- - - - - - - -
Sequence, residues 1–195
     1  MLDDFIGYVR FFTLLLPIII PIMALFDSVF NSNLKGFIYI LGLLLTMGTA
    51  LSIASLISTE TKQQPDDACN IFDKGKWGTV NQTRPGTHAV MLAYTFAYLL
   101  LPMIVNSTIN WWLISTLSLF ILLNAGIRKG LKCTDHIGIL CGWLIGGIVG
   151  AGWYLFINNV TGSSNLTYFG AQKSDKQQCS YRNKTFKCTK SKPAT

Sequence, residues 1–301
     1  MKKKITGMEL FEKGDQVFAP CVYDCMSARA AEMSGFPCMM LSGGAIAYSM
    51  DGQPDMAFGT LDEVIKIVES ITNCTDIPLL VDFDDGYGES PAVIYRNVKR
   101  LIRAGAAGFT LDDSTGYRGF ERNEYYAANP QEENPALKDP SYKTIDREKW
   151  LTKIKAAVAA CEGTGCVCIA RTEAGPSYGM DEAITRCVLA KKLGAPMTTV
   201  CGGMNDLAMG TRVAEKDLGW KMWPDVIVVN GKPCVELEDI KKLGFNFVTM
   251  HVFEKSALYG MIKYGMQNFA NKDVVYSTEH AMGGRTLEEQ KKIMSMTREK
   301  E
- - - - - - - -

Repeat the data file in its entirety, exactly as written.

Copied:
Sequence, residues 1–195
     1  MLDDFIGYVR FFTLLLPIII PIMALFDSVF NSNLKGFIYI LGLLLTMGTA
    51  LSIASLISTE TKQQPDDACN IFDKGKWGTV NQTRPGTHAV MLAYTFAYLL
   101  LPMIVNSTIN WWLISTLSLF ILLNAGIRKG LKCTDHIGIL CGWLIGGIVG
   151  AGWYLFINNV TGSSNLTYFG AQKSDKQQCS YRNKTFKCTK SKPAT

Sequence, residues 1–301
     1  MKKKITGMEL FEKGDQVFAP CVYDCMSARA AEMSGFPCMM LSGGAIAYSM
    51  DGQPDMAFGT LDEVIKIVES ITNCTDIPLL VDFDDGYGES PAVIYRNVKR
   101  LIRAGAAGFT LDDSTGYRGF ERNEYYAANP QEENPALKDP SYKTIDREKW
   151  LTKIKAAVAA CEGTGCVCIA RTEAGPSYGM DEAITRCVLA KKLGAPMTTV
   201  CGGMNDLAMG TRVAEKDLGW KMWPDVIVVN GKPCVELEDI KKLGFNFVTM
   251  HVFEKSALYG MIKYGMQNFA NKDVVYSTEH AMGGRTLEEQ KKIMSMTREK
   301  E